Integrating Knowledge, Skills, Experience
- Our Approach
- In the Lab
- In the Class
- In the Field
Teaching is an integral part of the Poverty, Violence and Governance Lab. From analyzing large crime and victimization databases to conducting survey experiments or Randomized Controlled Evaluations, our team uses the most advanced tools in social science to answer policy-relevant questions. The lab environment fosters interdependence between the faculty, who teach and challenge students, and the students, who question and challenge faculty. Students learn to apply their technical skills and knowledge to solve real-world problems.
In the Lab
The Poverty, Violence and Governance Lab offers our students the opportunity to become immersed in the process of discovery through observation, exploration, and problem solving, while working cooperatively and interdependently as a team.
The informal, unstructured atmosphere of the Lab tends to promote curiosity and discourse, motivating the team toward discovery and the chance to practice science the way that professionals do. Our student researchers are also able to gain mastery through hands-on use of disciplinary tools and techniques, such as analytical software applications like R, STATA, geographical information systems and web-scrubbing tools.
The Lab familiarizes students with the world of science and the rigors of investigation. Our Lab can be among the richest experiences students will have at Stanford, developing practical skills, substantive knowledge and scientific understanding.
In the Class
Courses taught by the faculty of the Poverty, Violence and Governance Lab are designed to introduce students to governance challenges in developing countries and to deepen students’ understanding of the political dynamics driving failures in political institutions, the rule of law, law enforcement, and the provision of basic public services, with an emphasis on Latin America. Courses include:.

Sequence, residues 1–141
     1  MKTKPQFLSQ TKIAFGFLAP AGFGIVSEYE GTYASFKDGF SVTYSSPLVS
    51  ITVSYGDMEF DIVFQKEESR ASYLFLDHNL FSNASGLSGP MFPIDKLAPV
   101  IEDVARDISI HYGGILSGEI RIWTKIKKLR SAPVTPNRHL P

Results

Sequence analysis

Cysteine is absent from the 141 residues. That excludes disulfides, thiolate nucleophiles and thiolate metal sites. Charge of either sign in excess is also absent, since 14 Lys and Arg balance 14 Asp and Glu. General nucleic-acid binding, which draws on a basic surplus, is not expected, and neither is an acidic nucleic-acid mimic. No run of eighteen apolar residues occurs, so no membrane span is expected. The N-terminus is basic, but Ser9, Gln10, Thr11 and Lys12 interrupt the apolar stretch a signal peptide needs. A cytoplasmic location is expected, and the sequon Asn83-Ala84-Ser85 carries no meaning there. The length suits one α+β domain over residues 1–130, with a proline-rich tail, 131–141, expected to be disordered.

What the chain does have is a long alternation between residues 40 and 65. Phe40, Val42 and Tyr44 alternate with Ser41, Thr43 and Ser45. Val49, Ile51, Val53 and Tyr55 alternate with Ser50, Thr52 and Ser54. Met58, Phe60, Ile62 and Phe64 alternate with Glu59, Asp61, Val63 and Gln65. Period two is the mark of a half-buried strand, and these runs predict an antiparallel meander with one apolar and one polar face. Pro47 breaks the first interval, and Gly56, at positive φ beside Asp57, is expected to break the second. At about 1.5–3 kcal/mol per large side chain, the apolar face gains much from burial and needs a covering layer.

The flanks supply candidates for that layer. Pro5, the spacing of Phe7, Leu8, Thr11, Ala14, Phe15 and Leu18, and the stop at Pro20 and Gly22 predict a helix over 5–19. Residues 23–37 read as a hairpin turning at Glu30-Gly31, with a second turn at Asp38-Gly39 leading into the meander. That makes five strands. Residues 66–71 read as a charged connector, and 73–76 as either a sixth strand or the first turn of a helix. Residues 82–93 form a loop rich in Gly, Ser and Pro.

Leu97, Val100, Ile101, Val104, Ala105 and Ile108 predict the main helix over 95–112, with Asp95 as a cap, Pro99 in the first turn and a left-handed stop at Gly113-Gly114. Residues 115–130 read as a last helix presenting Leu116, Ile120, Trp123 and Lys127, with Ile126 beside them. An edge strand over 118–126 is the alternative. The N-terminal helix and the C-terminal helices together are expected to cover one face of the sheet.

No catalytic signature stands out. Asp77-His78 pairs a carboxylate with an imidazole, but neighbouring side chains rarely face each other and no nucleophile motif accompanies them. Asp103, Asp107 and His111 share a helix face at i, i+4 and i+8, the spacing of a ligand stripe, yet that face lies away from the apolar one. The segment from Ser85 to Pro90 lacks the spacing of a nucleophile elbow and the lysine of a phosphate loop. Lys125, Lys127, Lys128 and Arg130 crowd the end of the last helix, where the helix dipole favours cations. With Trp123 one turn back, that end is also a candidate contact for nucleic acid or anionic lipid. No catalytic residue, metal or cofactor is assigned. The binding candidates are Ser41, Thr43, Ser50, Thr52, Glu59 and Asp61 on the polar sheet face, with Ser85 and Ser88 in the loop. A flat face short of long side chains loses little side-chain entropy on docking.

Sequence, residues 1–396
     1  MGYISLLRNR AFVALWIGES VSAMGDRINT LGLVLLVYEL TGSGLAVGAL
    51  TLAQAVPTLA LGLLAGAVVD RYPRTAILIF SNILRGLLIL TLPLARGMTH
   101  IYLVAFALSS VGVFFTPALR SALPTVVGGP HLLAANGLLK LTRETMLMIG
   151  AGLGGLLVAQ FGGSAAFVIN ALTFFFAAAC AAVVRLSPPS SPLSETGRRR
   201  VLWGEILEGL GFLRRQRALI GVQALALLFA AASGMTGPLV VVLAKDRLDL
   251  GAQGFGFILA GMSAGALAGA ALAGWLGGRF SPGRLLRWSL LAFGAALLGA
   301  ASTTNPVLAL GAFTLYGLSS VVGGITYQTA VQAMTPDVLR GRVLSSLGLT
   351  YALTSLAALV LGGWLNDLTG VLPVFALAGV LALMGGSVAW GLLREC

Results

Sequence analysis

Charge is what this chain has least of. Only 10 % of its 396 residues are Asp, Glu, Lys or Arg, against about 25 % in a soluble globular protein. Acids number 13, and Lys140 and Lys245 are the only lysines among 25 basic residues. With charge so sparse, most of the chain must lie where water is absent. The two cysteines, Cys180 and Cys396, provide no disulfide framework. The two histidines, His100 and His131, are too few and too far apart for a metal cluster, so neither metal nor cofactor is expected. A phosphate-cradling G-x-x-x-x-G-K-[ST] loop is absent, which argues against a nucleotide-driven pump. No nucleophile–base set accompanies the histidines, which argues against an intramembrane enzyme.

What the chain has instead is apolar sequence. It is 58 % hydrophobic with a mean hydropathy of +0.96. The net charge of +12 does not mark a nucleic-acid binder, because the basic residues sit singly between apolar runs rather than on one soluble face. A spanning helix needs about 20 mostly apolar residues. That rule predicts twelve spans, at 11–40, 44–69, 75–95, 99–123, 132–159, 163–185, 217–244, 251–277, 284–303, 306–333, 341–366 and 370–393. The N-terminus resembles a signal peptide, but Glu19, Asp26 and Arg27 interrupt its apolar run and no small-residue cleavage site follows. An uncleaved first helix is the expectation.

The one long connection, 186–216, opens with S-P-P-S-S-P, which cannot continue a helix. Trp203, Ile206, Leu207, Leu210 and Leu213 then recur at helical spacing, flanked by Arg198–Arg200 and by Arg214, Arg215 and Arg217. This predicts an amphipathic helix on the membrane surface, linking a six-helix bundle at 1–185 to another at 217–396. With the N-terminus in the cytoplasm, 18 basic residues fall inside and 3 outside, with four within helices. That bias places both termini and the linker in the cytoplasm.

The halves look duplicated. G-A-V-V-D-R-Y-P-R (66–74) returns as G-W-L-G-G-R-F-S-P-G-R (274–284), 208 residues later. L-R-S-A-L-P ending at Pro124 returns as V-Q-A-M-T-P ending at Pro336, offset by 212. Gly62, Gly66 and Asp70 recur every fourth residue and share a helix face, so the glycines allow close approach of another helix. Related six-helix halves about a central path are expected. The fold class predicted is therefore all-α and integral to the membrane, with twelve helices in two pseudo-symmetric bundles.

POLISCI 247G: Governance and Poverty. Poverty relief requires active government involvement in the provision of public services such as drinking water, healthcare, sanitation, education, roads, electricity and public safety. Failure to deliver public services is a major impediment to the alleviation of poverty in the developing world. This course will use an interdisciplinary approach to examining these issues, bringing together readings from across the disciplines of political science, economics, law, medicine and education to increase understanding of the complex causal linkages between political institutions, the quality of governance, and the capacity of developing societies to meet basic human needs. Conceived in a broadly comparative international perspective, the course will examine cross-national and field-based research projects.
POLISCI 248S: Latin American Politics. An advanced advanced seminar on the political economy of Latin America during the 20th century, the course is divided into three thematic parts. The first part will examines the histrorical sources of poverty and the quality of institutions. The course also discusses the various development strategies pursued in the region until the present. The second set of themes focuses on the causes of dictatorship, democracy, democratic instability, and political violence. The last part of the course focuses on contemporary issues, including the functioning and quality of democracy, elections and distributive politics, formal and informal institutions, the surge of criminal violence.
PoliSci 144T: Democracies and Dictatorships. Social scientific findings and debates; cross-sectional approach. What accounts for the emergence of democracy; under what conditions are democracies stable; why are so many developing countries ruled by dictators; why do rulers who destroy their own societies survive for so long; and what accounts for the variation, performance and breakdown of autocratic regimes?
PoliSci 440A: Theories in Comparative Politics. Required of Political Science Ph.D. students with comparative politics as first or second concentration; others by consent of instructor. Theories addressing major concerns in the comparative field including nationalism, the state, revolution, political regimens, ethnic politics, political violence, and quality of government.
PoliSci 440D: Workshop in Comparative Politics. Faculty, guest speakers, and graduate students conducting research in comparative politics present work-in-progress. Graduate students may enroll for up to 5 total units apportioned by quarter. Auditors welcome. Graduate students whose major or minor field is comparative politics must make at least one presentation to the seminar.
In the Field
Student trainees are expected to have a demonstrable interest in global problems, familiarity with social science research, and a strong grasp of statistical analysis and quantitative methods. In the field they are trained to conduct qualitative work and are also exposed to experimental research, and they learn about cost-effective fieldwork, managing and securing data, working on a team, and considering common ethical issues.